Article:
Three’s a crowd
When bonds are broken, it hurts. Be it the bond of friendship, love, siblings, parents or separation from grandparents by the fell hand of death. There are some bonds which are repaired, some which cannot be. Out of the relationships that most suffer from broken bonds, is probably that of marriage – simply by dint of involving two people who are not related.
Infidelity can really rock a marriage – and many couples never recover from the blow they are dealt by an unfaithful partner. Of course, this happens in a boyfriend-girlfriend pair as well but a relationship that is not bound by the sacred vows of marriage just doesn’t face the same repercussions. A marriage involves family and it is just not the two people who are affected.
However, if both partners are willing to commit to saving their relationship, marriages most definitely can survive infidelity. The wronged and betrayed partner must be open to forgiving his/her spouse and the infidel one must be empathetic.
For someone who has been betrayed, it is very difficult to reconcile with the partner at the beginning, once details of the betrayal comes to light. It is a time of great anger, hurt and tears. The best way to deal with this is to maintain some distance from your spouse. Being around the person who has hurt you only serves to increase the anger – and a bit of time and distance will help in introspection. Don’t make any major decisions about your marriage just yet, perhaps it is better to think about and reflect on the reasons behind this lapse. Mid life crisis, crisis of any kind – especially at the workplace, boredom, taking each other for granted etc. can be key elements behind an affair. Yes, while the person who has cheated is to blame for his/her actions, addressing the reason why he/she did so, is also important. Accept your feelings of rage and grief – it is normal to feel conflicted about your spouse. Don’t feel guilty about hating him/her for the worry he/she has invited into your life – you are well within your rights to feel this way. In the period of introspection that has been suggested surround yourself with your closest friends, talk of things other than your marital life – have fun, go for a movie or eat out. Take care of your emotional health as well as mental status and brooding alone will not help you in anyway.
Seek counselling professionally and maintain a journal – writing will help expressing your thoughts. If you have children, don’t involve them in the blame game, children do not need to know the messy details of their parents’ private lives – it is alright if they understand your sadness, but it is not necessary to put them through the bewilderment of knowing the details. Similarly, think before telling your family members – they tend to hold longer grudges. Work it out together if you want to. Also, if you feel this is not a relationship that you can sustain because of the broken trust and hurt and you want to leave, bear the practicalities in mind. If you have children, their future, your lifestyle and even where you will live, as well as finances should be taken into consideration before taking a final call.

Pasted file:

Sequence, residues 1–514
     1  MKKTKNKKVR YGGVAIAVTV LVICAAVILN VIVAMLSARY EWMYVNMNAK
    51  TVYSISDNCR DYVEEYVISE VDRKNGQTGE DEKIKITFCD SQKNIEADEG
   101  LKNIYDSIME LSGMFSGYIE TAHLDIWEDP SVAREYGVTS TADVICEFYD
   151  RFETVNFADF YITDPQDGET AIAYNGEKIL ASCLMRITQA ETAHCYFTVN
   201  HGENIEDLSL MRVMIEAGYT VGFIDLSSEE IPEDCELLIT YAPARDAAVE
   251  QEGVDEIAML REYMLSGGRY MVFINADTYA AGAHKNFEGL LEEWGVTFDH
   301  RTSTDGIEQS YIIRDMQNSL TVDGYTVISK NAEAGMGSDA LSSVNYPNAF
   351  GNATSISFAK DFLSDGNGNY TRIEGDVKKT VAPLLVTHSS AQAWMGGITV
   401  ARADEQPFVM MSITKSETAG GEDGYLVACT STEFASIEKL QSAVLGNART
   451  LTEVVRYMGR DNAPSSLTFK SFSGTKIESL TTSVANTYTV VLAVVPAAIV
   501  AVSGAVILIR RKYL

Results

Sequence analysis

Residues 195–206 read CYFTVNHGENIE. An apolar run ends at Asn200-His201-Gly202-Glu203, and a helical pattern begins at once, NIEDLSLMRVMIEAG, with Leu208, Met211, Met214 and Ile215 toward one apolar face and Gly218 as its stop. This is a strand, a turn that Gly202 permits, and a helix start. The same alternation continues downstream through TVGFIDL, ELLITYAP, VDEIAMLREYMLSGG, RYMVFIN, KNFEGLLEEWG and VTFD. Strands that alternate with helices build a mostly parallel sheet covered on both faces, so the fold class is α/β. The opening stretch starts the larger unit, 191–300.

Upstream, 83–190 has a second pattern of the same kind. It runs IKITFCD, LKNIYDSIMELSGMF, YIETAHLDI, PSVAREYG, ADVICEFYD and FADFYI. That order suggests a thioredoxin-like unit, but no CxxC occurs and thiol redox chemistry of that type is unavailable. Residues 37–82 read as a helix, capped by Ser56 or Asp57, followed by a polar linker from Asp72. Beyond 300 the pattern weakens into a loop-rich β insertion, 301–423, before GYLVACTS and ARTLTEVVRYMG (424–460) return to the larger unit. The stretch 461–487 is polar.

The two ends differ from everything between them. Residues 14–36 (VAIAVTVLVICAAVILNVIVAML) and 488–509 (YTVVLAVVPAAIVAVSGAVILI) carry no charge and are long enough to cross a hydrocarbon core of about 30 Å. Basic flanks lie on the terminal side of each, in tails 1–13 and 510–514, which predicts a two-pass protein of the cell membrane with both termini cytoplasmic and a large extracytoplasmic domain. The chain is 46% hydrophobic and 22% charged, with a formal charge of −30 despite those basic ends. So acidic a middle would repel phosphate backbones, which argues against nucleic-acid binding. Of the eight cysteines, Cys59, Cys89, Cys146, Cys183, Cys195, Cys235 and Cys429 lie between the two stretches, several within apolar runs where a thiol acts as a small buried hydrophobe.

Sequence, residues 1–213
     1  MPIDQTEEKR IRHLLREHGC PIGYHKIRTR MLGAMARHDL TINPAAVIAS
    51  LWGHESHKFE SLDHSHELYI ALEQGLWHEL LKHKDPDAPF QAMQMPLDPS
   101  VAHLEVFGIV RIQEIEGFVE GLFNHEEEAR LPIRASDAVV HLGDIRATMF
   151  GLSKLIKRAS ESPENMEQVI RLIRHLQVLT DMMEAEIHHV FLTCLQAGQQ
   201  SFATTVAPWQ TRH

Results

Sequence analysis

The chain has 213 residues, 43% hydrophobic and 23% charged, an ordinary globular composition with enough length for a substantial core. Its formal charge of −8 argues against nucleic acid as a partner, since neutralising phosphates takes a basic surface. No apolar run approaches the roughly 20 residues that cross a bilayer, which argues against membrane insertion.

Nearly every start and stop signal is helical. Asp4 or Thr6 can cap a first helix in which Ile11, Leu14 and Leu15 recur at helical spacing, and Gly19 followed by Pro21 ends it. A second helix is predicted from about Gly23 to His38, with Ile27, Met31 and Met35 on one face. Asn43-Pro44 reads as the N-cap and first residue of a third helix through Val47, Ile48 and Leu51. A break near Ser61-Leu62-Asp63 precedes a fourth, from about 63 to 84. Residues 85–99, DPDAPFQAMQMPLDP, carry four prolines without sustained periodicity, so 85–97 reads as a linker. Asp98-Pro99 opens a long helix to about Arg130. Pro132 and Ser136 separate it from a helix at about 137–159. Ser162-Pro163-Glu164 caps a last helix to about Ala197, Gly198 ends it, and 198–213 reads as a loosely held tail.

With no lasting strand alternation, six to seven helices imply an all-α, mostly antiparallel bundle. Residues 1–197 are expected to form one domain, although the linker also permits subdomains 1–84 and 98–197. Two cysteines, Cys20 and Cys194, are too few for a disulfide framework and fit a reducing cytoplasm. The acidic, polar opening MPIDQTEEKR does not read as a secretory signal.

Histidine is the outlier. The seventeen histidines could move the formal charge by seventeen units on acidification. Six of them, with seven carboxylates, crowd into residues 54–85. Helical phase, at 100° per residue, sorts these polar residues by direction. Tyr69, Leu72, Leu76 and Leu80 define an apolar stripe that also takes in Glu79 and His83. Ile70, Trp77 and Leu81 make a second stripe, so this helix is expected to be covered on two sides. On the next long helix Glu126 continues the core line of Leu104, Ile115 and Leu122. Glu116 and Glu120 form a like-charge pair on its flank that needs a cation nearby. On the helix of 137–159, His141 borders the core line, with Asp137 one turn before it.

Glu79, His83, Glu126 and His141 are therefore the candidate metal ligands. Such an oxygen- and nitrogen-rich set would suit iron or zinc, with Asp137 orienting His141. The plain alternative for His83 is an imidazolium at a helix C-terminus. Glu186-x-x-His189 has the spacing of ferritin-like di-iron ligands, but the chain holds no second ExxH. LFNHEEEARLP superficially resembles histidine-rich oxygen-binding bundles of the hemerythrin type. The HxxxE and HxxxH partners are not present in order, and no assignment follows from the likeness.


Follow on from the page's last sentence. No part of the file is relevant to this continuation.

Above all, do not consider retaliation and revenge by deciding to get physical with another person just to spite or hurt your partner the way you have been hurt. It might achieve your ends temporarily, but it will not do the relationship any good – in fact, it will probably damage it further. Healing from infidelity is very tough and slow and steady, discerning steps must be taken towards recovering.
While the partner who has cheated always has a story to tell, he/she is most often vilified for the lapse because it is, all said and done, extremely inconsiderate and selfish of them. Everyone has problems but cheating on a partner and allowing the opportunity of hurt to enter lives is never something that can be forgiven easily. It is up to the betrayer to be the bigger person here because he/she will be the target of a lot of scorn, anger and tears. However if you hang in there then there is a big chance your marriage might emerge stronger from this ordeal. Remember it is very difficult to regain trust, but you must work towards it. Cut off all contact with your lover and be honest about it. Report every chance meeting or interaction to your hurt spouse – this will go a long way into building trust. Also, be prepared to answer any questions regarding any details.
Studies have shown that this is another way for the hurt spouse to heal – by knowing all the details, as strange as that may sound. It probably will result in an outpour of anger and negative emotions but that works as a catharsis which helps absolve the hurt later. Above all, take responsibility for what you did, do not try and justify your actions – accepting that what you did was wrong immediately indicates that you are sorry and willing to rectify your mistakes. And don’t forget quick and easy forgiveness – give your partner enough time, as long as it takes, to deal with the hurt and recover. You owe it to her/him.